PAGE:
Author Archives: Morgan Frost

Using Technology to Strengthen Policy Advocacy across South Asia

CIPE training session in Kathmandu, Nepal

Throughout South Asia, women in business have faced several barriers to achieving full civic and economic participation. To tackle these challenges, the South Asia Regional Women’s Economic Network has helped amplify women’s empowerment in the region. Supported by CIPE, the network has been able to effectively advocate for policy reforms that create more opportunities for women-owned businesses. This network is comprised of women business associations from Nepal, Pakistan, Bangladesh, Afghanistan, India, and Sri Lanka.

The achievements of the network continue to show that now, more than ever, focusing on women’s economic growth is key to strengthening democracy. For example, Multan, in South Punjab, and Peshawar—both cities in turbulent regions—are home to large artisan communities consisting mainly of women working on hand embroidery and handcrafted textiles. Despite challenges for women to participate economically and politically, both the Southern Punjab and Peshawar Women’s Chamber pushed the government to change a policy that was impeding the earning potential of women artisans. Eventually, the State Bank issued policy instructions that led to lengthening the amount of time that artisans have to pay back their loans. Extending credit will help them in fulfilling orders, and allows them to plan purchases and sales further in advance, with less pressure for rapid repayment.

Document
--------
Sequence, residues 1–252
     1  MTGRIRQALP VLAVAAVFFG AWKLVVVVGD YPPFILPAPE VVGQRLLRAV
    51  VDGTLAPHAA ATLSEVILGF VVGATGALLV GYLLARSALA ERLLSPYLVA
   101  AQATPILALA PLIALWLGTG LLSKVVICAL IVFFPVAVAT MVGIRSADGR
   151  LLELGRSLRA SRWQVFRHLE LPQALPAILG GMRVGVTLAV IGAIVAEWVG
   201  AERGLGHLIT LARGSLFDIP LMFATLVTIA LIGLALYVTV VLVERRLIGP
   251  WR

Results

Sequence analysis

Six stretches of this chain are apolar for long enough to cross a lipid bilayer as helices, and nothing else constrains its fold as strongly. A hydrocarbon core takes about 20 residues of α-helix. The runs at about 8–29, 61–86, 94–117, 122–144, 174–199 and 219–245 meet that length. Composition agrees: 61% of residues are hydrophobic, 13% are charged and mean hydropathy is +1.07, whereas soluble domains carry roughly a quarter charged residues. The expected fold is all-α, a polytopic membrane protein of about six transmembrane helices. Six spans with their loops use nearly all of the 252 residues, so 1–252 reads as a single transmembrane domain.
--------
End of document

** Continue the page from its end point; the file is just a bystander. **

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The Continued Decline of Internet Freedom

Image via Freedom House

Image via Freedom House

For the sixth consecutive year, internet freedom throughout the world has continued to decline. Although efforts to close the digital divide by bringing more people online has continued, 67%, or two-thirds of all internet users, fear the unprecedented penalties from living in countries with high levels of censorship. According to Freedom House’s latest report, Freedom on the Net Report 2016, Estonia, Iceland, and Canada are the most open countries when it comes to internet freedom, while China, Syria, and Iran are the most restrictive.

The 2016 report gathered information from 65 countries, measuring each individual country’s level of internet and digital freedom by using a variety of indicators. Since 2015, Turkey and Brazil have continued to move away from internet freedom, and just 14 countries registered overall improvements from the previous year.

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